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FASHION : The Buzz Word : I knew that his graduating from kindergarten meant there would now be pressures on my son never there before.

July 04, 1991|AURORA MACKEY | TIMES STAFF WRITER

I wasn't exactly mourning the loss of innocence while I was washing dishes the other day. But I was, most definitely, thinking that it was the end of an era for my child.

As I dipped each plate into the suds, I felt it in my bones.

Having gone through it myself, I knew that his graduating from kindergarten meant there would now be pressures on him that had never been there before. Once he stepped out of that magical room full of dinosaur blocks and finger paint, life would become more serious.

I also knew that one day my son would be an exhausted parent like me, pining for those bygone days of afternoon naps on a mat.

My reverie was soon shattered. As I was rinsing a cup and about to place it in the dish rack, my son walked into the kitchen.

"Mom," he said, his voice rising to a half-whine.

"Yes, pumpkin," I answered, suspecting nothing.

"I want to get a buzz."

Now, most of my friends consider me to be a fairly open-minded parent, but this was more than I could take. I spun around, wiped my soapy hands on the front of my pants and placed them firmly on his shoulders.

"Sweetheart, has someone been talking to you about drugs?"

His eyes were the size of saucers. "No, Mom," he said softly.

"Do you know the difference between good drugs and bad drugs?" I asked.

He nodded his head with a confused expression on his face. "Good drugs are the kind the doctor gives you to help you get better when you're sick," I said. "Bad drugs make people feel sick."

"But Mom, all the kids are getting a buzz. I WANT one."

I squatted down so I was at eye level with him. I was shocked.

"If all the kids wanted to play on the freeway, would you want to play there too? I don't know who those kids are, but I want their names. People who take drugs may think they'll feel better, but pretty soon they start thinking people don't like them anymore."

I was whipped into a frenzy, desperate to reach him before it was too late. "People who take drugs don't want to go to work or eat food or get out of bed. Pretty soon, they think even the mailman was sent to spy on them. Then they lose their marriages and their houses and they have to go to meetings in smoky rooms and talk about how bad it was while everyone sits there clapping . . ."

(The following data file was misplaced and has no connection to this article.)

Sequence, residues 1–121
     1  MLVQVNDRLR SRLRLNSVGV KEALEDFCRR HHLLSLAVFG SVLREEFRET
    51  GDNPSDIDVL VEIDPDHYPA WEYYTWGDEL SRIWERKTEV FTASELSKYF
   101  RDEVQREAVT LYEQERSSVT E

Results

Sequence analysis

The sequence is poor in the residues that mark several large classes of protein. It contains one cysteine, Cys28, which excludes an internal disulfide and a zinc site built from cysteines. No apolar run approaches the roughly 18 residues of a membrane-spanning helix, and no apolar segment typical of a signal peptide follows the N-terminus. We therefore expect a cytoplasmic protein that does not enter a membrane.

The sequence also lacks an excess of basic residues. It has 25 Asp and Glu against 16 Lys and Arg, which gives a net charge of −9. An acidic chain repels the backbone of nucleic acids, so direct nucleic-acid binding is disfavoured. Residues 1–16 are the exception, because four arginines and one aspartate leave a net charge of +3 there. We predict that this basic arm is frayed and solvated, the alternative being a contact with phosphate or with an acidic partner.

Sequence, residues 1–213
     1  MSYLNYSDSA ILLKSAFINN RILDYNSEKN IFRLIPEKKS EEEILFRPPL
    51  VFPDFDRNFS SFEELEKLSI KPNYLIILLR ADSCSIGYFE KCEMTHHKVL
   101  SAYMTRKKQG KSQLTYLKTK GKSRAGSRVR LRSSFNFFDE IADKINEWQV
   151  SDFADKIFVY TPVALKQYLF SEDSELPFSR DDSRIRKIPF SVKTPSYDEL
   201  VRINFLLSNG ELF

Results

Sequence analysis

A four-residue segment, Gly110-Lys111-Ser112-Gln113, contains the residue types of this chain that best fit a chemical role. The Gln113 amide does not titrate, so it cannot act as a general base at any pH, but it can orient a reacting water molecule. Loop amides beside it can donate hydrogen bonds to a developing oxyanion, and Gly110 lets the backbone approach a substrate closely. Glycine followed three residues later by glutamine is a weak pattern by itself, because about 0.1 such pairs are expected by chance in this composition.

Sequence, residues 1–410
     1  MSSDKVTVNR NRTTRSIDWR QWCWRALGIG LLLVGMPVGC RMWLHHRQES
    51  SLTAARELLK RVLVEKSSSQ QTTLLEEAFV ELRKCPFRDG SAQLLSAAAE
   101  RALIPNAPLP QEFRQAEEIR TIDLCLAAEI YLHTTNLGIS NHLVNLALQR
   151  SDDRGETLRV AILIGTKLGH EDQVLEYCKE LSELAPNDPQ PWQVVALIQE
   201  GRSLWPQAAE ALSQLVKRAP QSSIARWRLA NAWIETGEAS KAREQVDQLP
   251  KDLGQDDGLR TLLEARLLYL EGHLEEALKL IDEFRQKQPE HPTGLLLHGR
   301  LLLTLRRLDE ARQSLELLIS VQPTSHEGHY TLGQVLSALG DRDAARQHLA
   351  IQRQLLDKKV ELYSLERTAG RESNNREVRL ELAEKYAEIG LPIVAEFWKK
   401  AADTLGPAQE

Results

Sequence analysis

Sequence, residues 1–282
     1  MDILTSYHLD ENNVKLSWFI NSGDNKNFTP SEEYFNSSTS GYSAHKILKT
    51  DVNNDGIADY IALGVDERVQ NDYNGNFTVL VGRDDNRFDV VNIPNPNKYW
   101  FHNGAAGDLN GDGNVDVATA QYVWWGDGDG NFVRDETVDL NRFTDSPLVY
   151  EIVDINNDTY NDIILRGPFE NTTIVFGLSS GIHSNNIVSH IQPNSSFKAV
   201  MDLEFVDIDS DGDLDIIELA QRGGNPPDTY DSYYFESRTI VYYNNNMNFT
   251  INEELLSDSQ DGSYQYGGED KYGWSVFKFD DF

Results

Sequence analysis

"Mom!" he said. "A buzz is a haircut! I want to get a buzz haircut!"

I didn't know what he was talking about, but I was so relieved he wasn't on drugs that I drove him right over to the hair salon. Michele Caterisano, a stylist with Hair Unlimited in Simi Valley, said there had been a long line of kids before us.

"Basically, we shave the head," she explained. "We're doing a lot of them, mostly on boys from about 5 to 13. It seems to be the season."

Now that she mentioned it, I did recall seeing quite a few shaved heads around the neighborhood. I simply assumed there'd been an epidemic of head lice.

As locks of my son's hair fell to the ground in clumps, I tried not to wince. After all, maybe if I show my support for his individuality now, he won't feel the need to have a spiked purple Mohawk haircut when he turns 15. I kept a broad smile plastered on my face until the ordeal was over.

My response, Caterisano said, was well within the range of normal.

"A lot of the moms just sit here wide-eyed," she said. "Some of the kids want lightning bolts shaved in too, and the parents just kind of nod their heads and go, 'Uh-huh, Uh-huh.'

"Their attitude seems to be, 'Well, it's summertime, and anything is OK because no one has to see you.' "

At home, I ran my hand over my son's bristly head and told him he looked wonderful. And as I went back to the sink full of dishes, I felt proud of myself for being so open-minded and supportive while he forged his own identity.

Just then, he re-entered the kitchen.

"Mom?" he asked. "Can I get my ear pierced?"

This time, I did not move. With my back still turned to him, I placed the plate I was holding in the dish rack. Mechanically, I reached over and dried my hands on a towel. Then I took a deep breath and turned around.

He was already gone.

THE PREMISE

Ventura County is teeming with the fashionable and not so fashionable. There are trend-makers and trend-breakers. There are those with style--personal and off the rack--and those making fashion statements better left unsaid. Twice a month, we'll be taking a look at fashion in Ventura County--trends, styles and ideas--and asking you what you think. If you have a fashion problem, sighting or suggestion; if you know a fashion success or a fashion victim, let us know. We want to hear from you.

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